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Diviš Theatre

Josef Skřivánek

history of the theatresupplementtechnical dataHistoric equipment

Important events

(detail)1868 | theatrical association

The “Association of Amateur Actors in Žamberk” came into existence in 1868. The first general meeting of the association took place on 10th November of 1868, shortly after  this they initiated foundation of the Committee for Construction of the Theatre and they commenced negotiations about purchase of a convenient plot  for construction of a stone theatre building.  Finances were raised only slowly and the fulfilment of this intent was delayed until the era of the independent Czechoslovak state.


(detail)1926 | Construction
The project of the theatre was elaborated by architect Josef Skřivánek from Čáslav in February of 1925 and was approved in July of the same year by the Municipal Council in Žamberk. The construction was carried out by local builder Eduard Kovařík, the laying of its foundation stone took place on 23rd May of 1926 and it took a short period of seven months.
(detail)5.12.1926 | opening

The ceremonial opening of the Diviš Theatre took place on 5th December of 1926 by the play „Fidlovačka“ by J. K. Tyl.


(detail)70. 's 20. century | reconstruction

The theatre was closed up from 1975 until April of 1977 due to the conversion of the building to a multifunctional cultural institution.


(detail)1988 | repairs

(detail)1991 | fire

Fire burst out  in the building as a result of short circuit in the night of 8th  February of 1991. Fire was detected in time and liquidated; it was sufficient enough to only to damage the ceiling and trusses over the balcony cloak room and balcony. The theatre was provided by a safety curtain, separating the auditorium from the stage soon after restoration of operation.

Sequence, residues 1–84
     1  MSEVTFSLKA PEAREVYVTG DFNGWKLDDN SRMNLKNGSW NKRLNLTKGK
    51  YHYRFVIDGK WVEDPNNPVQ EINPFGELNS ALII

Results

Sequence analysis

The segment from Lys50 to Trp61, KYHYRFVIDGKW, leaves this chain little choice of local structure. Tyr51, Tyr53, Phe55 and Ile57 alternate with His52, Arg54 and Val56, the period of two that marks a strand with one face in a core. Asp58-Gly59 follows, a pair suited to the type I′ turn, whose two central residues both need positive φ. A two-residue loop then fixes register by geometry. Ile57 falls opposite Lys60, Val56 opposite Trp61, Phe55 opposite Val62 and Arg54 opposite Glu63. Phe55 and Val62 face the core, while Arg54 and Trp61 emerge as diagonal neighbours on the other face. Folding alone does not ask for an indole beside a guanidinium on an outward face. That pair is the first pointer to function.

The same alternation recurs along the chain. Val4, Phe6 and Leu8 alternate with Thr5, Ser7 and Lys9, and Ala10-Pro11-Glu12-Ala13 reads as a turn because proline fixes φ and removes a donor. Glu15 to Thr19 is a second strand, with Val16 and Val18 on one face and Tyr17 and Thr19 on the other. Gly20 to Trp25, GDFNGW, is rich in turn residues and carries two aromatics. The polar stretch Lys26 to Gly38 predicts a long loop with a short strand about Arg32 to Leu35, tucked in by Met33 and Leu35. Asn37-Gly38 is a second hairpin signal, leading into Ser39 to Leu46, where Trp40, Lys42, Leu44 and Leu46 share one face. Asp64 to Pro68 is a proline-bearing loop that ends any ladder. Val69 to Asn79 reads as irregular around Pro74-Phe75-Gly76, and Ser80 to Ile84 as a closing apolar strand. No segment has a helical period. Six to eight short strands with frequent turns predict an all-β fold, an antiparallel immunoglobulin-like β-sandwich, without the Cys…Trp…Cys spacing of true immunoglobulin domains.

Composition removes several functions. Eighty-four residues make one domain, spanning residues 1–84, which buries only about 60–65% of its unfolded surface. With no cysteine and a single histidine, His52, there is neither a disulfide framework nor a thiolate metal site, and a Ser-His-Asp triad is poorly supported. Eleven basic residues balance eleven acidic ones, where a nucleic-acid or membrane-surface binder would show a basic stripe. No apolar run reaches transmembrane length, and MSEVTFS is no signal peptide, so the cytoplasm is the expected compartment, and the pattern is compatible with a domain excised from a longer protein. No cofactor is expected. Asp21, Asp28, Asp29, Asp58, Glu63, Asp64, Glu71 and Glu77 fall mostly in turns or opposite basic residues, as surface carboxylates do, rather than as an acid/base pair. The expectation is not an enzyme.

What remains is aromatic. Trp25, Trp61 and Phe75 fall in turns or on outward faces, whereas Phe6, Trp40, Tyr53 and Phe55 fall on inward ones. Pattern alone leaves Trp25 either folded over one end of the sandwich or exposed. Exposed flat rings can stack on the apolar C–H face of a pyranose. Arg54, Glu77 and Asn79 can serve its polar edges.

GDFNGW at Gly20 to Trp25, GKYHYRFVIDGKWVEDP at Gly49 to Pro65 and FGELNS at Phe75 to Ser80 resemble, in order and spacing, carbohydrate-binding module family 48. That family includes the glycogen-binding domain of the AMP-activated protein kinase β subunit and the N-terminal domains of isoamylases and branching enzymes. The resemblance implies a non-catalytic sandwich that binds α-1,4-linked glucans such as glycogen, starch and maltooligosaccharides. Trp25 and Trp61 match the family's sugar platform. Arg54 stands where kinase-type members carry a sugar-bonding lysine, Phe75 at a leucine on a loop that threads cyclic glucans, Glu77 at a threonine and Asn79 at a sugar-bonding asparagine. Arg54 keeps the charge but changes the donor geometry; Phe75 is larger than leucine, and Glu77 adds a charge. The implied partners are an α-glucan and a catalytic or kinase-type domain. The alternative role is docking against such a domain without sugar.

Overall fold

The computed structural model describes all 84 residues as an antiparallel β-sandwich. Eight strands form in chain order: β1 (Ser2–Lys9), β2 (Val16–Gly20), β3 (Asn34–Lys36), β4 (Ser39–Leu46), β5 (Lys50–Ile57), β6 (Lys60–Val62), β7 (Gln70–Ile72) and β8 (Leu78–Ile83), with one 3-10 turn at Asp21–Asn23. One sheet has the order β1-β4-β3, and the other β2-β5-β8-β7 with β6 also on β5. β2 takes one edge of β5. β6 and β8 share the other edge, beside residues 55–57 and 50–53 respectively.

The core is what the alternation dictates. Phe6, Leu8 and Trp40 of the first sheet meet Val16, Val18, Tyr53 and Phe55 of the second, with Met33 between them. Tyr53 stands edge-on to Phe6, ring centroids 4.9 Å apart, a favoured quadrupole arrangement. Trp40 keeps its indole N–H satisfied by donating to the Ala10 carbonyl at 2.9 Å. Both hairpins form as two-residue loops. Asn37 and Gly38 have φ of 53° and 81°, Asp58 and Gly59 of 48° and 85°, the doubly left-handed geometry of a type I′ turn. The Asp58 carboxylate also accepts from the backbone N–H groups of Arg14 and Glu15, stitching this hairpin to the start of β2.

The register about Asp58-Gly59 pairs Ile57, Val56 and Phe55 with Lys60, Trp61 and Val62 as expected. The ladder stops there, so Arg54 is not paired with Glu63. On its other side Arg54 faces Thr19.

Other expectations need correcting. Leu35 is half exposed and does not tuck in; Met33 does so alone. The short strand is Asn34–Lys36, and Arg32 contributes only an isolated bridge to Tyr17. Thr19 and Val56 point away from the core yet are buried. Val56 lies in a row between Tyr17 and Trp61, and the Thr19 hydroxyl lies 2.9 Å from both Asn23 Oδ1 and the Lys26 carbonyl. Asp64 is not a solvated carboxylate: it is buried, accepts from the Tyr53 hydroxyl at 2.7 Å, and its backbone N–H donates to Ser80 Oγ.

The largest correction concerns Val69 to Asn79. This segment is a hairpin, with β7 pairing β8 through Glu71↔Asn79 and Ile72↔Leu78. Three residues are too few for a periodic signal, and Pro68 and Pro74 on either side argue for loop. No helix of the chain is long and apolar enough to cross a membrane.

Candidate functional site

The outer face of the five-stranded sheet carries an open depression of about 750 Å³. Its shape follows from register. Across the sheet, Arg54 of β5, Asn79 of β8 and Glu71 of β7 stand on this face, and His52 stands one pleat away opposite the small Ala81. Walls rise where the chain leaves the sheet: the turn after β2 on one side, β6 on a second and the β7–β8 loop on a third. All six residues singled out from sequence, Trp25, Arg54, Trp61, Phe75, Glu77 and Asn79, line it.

(detail)1997 | reconstruction
A general overhaul of the fly loft was carried out in 1997 (the old timber construction was replaced for metal one), the original lighting was replaced by modern stage technology and aesthetic adjustments affected the actual hall and vestibule as well.

People

(detail)Josef Skřivánek |main architect

Architect and builder in Čáslav. He designed and executed an array of private or public building and projects. Especially reconstruction of Dusík Theatre (1923), design of Diviš Theatre in Žamberk (1925), design of front facade of district authority in Čáslav.

In:  Tvrdíková, Lada: Divadelní život v Čáslavi v letech 1869-1923, Bakalářská práce, Masarykova universita,  Brno 2007

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History

The history of amateur theatre in Žamberk is dated back to the end of the 18th century. Amateur actors played at that time with a permission of the castle authorities in a musical hall in the castle that was converted for theatre use at the expense of Countess of Buben and Litice for three thousands Guldens. Even some members of the count family declaimed some shorter passages of   opera works with local amateur actors (Mozart’s “ Magic Flute” was for instance introduced here for several times). They played charitable performances in the so called Manorial House, occasionally they performed in the neighbouring villages: in the hall of the inns in Helvíkovice, Pěčína and Slatina nad Zdobnicí. The castle theatre was closed in 1809, when Žamberk manor was purchased by count Windischgrätz  who liquidated the arrangement of the theatre hall, but donated a part of its equipment to theatricals. Theatrical activity was stopped  for some time by the great fire that ravaged the city in 1810. After the damages had been repaired, the theatricals built up a minor theatre in the inn of Mister Režný (N. 90), they moved later to Modrá hvězda, they played in the inn „U slunce“ (presently N. 87)  and they returned onto the stage of the Manorial House at the end of the 1840, where they had remained until 1868. A half (until 1862) and afterwards only a third of the profits of each performance was for charitable purposes and municipal hospital; a profit from one performance was every year left for theatricals, that played mainly in Czech than German, for the needs of the theatre.